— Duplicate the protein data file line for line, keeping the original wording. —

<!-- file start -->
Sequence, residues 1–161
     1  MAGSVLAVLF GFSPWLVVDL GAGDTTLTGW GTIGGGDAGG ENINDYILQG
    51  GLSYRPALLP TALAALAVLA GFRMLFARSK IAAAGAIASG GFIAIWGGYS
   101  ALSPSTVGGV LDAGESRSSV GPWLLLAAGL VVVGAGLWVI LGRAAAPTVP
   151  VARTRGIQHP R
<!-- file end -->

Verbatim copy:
Sequence, residues 1–161
     1  MAGSVLAVLF GFSPWLVVDL GAGDTTLTGW GTIGGGDAGG ENINDYILQG
    51  GLSYRPALLP TALAALAVLA GFRMLFARSK IAAAGAIASG GFIAIWGGYS
   101  ALSPSTVGGV LDAGESRSSV GPWLLLAAGL VVVGAGLWVI LGRAAAPTVP
   151  VARTRGIQHP R